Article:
9 Once Again, the name that stands out in this article from Vogue is, Iris Van Herpen. According to the magazine's editorial staff, Van Herpen's ability is to transform scientific explorations into the reality of wearable clothes (VOGUE, 2014). Besides, the fashion designer stands out not only for being the first designer to take 3D printing on clothes to the runaways, but also for her constant research, creativity and innovation in presenting her creations. Wearable clothes with Smart Materials 3D printing in technological innovation context, provides new aesthetic perspectives in clothing design, has been used with the purpose of creating 'intelligent' pieces. According to Udale "interactive clothes incorporate smart materials that respond to changes in the environment or human body" (UDALE, 2009, p. 39). An example is the piece developed by Anouk Wipprecht, Spider Dress 2.0. It consists of a mechatronic system printed in 3D, with sensors that respond to the presence and movements around those wearing it. The piece is inspired by the instincts of a Brazilian spider found in the Amazon rainforest (WIPPRECHT, 2015). Image 11: Spider Dress 2.0 Source: Another example is the project that was first developed by the Dutch designer, Martje Dijkstra, in 2014, called "Hard Core Vein 2.0". 3D technology was used, exploring features and forms inspired on the human body.
10 Image 12: Hard Core Vein 2.0 by Maartje Djikstra Source: According to Molitch-Hou (2014) this piece is a prototype that transmits a sense of living organism to who wears it because the 3D printed material also contains a substance that circulates through these vessels, as veins. Another creation that stands out in this regard are the pieces from Neri Oxman and from a group of researchers from MIT Mediated Matter Group and others, who developed a technology that enables the creation of digital pieces using a multi-material, called "Wanderers: wearables for interplanetary pilgrims ". Such components have internal cavities and vascular structures that would enable to applicate a modified bacterium, intending to transform oxygen, or to generate biomass, biofuels and calcium, among others. Image 13: Wearables for Interplanetary Pulgrims by Neri Oxman, 2014 Source:
11 Final Considerations Technological innovation is an important factor for innovative projects because coupled with creativity can provide differentiated aesthetic innovations as well as new materials for everyday use. Clothing design is a sector that is always attentive to innovations, which may enable a different design on a final product with, higher quality, sustainability and so many other factors that can add value to creation. In the last years, there has been implementation in use of technology in the clothing industry and accessories, such as digital printing and laser cutting technology for clothes and products derived from this segment. Therefore, as digital printing has spread industrially, and is increasingly accessible and present in textile printing, establishing, new possibilities in the application of different prints from screen printing patterns, there is a possibility that 3D printing may open new borders for creation in fashion design, clothes and accessories such as handbags, shoes, among others. Over the years, 3D printed clothes have gone through several changes since the Black Drape Dress in 2000, which would be the first printed dress in functional 3D. Until the most recent creations, especially Iris Van Herpen creations, combined with technology companies and researches in 3D printing (Materialise, among others), there is a greater variety of research in printed materials. Therefore, you can generate technological innovations that enable new applications and possibilities for clothing, attributing characteristics such as flexibility, movement, tactile and visual differential on the final piece. Given all into consideration, it is possible to see that 3D printing technology application is still growing in fashion design, providing superior results compared to other processes that were being used. Remember that, as digital print has grown and increased its use application over the years, so 3D printing technology tends to spread, with the possibility of cost reduction and wider technology range, becoming one more tool for designers to create innovative pieces. References Books: BOWLES. Melanie; ISAAC, Ceri. Diseño y Estampación Textil Digital. Londres. Blume, CLARKE, Sarah; O MAHONY, Marie. Techno Textiles 2: Revolutionary fabrics for fashion and design. Nova Iorque. Thames & Hudson, COLCHESTER, Chloë. Textiles: tendências actuales y tradiciones. Barcelona: Blume, 2008.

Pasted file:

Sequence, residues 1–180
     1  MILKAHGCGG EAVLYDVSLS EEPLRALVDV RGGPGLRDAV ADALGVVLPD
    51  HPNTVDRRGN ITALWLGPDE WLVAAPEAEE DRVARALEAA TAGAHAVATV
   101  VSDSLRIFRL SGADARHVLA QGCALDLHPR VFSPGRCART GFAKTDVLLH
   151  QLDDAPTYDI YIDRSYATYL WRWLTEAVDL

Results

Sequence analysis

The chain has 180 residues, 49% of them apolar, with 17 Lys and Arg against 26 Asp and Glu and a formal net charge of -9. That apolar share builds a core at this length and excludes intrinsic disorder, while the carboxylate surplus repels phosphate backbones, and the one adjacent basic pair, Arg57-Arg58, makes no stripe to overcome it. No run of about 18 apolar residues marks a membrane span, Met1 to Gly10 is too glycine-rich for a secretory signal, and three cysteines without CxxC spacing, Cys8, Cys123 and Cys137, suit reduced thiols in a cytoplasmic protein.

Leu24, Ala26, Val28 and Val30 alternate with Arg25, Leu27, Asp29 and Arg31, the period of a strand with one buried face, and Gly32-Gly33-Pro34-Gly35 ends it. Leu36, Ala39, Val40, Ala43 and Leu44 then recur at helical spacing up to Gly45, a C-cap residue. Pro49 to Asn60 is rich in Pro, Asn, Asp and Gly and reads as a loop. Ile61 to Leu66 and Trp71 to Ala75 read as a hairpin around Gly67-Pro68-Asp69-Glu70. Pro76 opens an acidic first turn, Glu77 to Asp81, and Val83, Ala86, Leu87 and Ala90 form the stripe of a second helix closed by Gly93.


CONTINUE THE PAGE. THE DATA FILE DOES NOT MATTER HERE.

12 PIRES, Beatriz; AVELAR, Suzana; SANCHES; Regina. Corpo Têxtil: Malharia 3D e Design Biológico. Anais do Congresso Internacional de Moda e Design Guimarães, Portugal. Livro de Resumos. Portugal. Escola de Engenharia Universidade do Minho, Guimarães, UDALE, Jenny. Tecidos e moda. Porto Alegre: Bookman, Sites: 3D Printing IND. History of 3D Printing: The Free Beginner s Guide. Nova Iorque, Disponível em < Acesso em 18 nov HERPEN, Iris V. Iris Van Herpen Womenswear. Paris, Disponível em <http:/http://www.irisvanherpen.com/> Acessso em 15 jan 2015 KYTTANEN, Janne. Janne Kyttanen. Amsterdam, Disponível em: < Acesso em 18 jan MOLITCH-HOU, Michael. Maartje Dijkstra s 3D Printed Ensemble Pumps to the Beat of a Different Drum. Nova Iorque, Disponível em < > Acesso em 16 jan OXMAN, Neri. Neri Oxman. Reino Unido, Disponível em: <http://www.materialecology.com/ > Acesso em: 16 jan SHAPEWAYS. 3D Printing Service and Marketplace. Nova Iorque, Disponível em: < Acesso em 17 jan STRATASYS. Stratasys. Estados Unidos, Disponível em: < >. Acesso em: 16 jan VOGUE. Vogue Italia. ITA, Disponível em: < Acesso em 19 nov WIPPRECHT, Anouk. Spider Dress 2.0. São Francisco, EUA Disponível em < Acesso em: 13 jan 2015.